Tuesday, April 28, 2009
My maternal grandfather (nana) was in the Indian air force at the time of partition. I grew up listening to his stories of dogfights (aerial combat between fighter aircraft), his winning the Clarkson Trophy and various other exciting tales of my country at the time it was being torn into little pieces. I remember sitting by his feet in the garden, playing with his twelve cats and eagerly poring over every word.
From him, I learnt what partition was like for my people. What difficulties they faced, physical and mental. He spoke about how torn people felt when told to leave everything they had and move away to a country being made especially for them. He spoke about leaving family, friends and worldly possessions behind.
Having being born and raised in Karachi, and studying here most of my life, I went through the same rigmarole that everyone else did when it came to learning the history of our country. That green Pakistan studies book, that awful teacher who knew the book by rote, but ask any questions, or have an opinion and all you get in return is a blank stare.
My nana taught me history. Through his words, I learnt about partition; the reasons behind it, the situation and thinking of the times, the political, cultural and religious impact on society et al. It helped me form my own, non-green-pak-studies-book-related opinion about partition, Pakistan, India, Bangladesh and even Kashmir.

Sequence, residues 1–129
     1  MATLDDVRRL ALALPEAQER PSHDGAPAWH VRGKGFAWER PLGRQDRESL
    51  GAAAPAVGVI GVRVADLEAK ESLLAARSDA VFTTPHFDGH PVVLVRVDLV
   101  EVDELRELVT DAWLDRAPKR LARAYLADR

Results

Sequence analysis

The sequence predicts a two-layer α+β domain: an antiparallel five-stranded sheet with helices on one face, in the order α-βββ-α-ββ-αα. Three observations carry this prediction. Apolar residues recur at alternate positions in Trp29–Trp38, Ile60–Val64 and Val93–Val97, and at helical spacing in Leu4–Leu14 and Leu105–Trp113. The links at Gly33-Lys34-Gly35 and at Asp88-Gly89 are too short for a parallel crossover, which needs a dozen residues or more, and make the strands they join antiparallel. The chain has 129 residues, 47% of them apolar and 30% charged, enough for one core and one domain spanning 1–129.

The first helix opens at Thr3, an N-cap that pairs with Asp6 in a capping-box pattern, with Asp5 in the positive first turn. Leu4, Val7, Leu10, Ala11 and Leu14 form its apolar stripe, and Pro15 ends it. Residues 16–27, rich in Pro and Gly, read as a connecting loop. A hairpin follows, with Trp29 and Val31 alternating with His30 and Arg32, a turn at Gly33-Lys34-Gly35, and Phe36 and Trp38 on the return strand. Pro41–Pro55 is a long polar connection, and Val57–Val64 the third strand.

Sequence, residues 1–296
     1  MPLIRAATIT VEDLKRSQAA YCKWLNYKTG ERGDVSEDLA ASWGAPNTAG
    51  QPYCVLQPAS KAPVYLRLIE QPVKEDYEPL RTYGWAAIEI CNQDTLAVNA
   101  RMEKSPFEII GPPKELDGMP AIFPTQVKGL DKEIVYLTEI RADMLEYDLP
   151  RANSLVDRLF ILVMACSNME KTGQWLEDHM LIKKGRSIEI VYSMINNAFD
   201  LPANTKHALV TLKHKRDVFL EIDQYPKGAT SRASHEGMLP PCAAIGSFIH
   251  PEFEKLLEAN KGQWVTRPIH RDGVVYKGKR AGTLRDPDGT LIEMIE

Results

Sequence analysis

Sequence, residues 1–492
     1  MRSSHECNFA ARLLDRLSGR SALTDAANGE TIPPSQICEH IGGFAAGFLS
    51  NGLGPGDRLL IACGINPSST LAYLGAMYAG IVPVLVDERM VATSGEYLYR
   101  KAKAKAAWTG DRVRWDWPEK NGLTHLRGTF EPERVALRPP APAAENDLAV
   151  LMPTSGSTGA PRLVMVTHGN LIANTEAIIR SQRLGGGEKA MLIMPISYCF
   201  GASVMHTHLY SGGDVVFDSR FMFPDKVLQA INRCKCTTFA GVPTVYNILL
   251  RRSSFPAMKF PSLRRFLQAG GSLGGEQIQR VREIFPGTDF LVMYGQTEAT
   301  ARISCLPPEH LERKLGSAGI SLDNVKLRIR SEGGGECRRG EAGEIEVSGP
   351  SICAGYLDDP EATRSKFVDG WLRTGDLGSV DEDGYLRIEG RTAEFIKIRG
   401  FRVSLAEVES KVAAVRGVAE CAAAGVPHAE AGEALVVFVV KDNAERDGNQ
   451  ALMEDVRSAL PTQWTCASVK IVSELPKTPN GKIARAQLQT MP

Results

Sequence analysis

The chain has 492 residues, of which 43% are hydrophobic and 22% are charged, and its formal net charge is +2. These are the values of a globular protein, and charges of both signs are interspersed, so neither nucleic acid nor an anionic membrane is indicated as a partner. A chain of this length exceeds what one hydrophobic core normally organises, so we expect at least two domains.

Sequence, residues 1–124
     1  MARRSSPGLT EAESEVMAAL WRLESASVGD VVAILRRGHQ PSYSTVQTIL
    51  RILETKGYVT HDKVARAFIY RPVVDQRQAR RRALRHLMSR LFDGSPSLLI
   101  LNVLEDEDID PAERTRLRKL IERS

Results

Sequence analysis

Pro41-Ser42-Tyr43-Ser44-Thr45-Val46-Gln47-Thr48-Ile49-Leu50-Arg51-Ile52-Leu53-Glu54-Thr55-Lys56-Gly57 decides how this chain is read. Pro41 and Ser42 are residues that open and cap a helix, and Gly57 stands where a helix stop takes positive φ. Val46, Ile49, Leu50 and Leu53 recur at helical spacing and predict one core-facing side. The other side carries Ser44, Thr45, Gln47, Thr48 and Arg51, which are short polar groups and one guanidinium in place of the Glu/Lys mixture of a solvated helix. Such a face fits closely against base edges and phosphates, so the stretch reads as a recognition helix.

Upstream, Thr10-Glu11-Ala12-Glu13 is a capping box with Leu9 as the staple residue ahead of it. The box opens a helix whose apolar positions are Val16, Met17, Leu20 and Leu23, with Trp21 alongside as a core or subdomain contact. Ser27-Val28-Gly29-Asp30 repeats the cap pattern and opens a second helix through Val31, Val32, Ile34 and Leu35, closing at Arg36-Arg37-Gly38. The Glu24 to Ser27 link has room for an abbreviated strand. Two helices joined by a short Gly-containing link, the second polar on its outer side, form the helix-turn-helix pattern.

When I moved back to Karachi after spending nearly ten years living in Canada, I had a chance to spend more time with nana. During this time, he regaled me with the same stories I had grown up listening to. What was really sad was that he was forgetting; some very crucial details and stories were just… lost. Seeing this, my family and I set out hunting for a writer who would record his oral history.
I happened to come across someone who was working with CAP and mentioned my nana. He helped me nominate him for CAP’s Oral History Project. When the interns arrived at my house I remember my nana’s eyes lit up. He turned to me and said, “ it feels so good to know, that my work won’t die with me. My story will stay alive and Alayna (his great grand-daughter, my niece) will be able to hear the same stories you did growing up”.
Here is an audio visual installation created using his interviews and photographs by the Oral History Project.
Within a week, I heard from Sharmeen O. and she asked me in for an interview as the interns had told her of my personal interest in CAP. When I walked into CAP office I was thrilled, curious, intimidated and excited, all at the same time. I offered up two hours a day as volunteering time. I was there for two hours the first day… eight hours the next and then I just didn’t leave.
Now I’m Project Manager here. After working at CAP for over 9 months I have learnt so much. I have so many stories and so many experiences. I’m looking forward to sharing them with all of you.
In the meantime, feedback is much appreciated. Let us know what you’d like to see on here!
Until next time… lets make history so we have something worthwhile to preserve ;)
Tuesday, April 21, 2009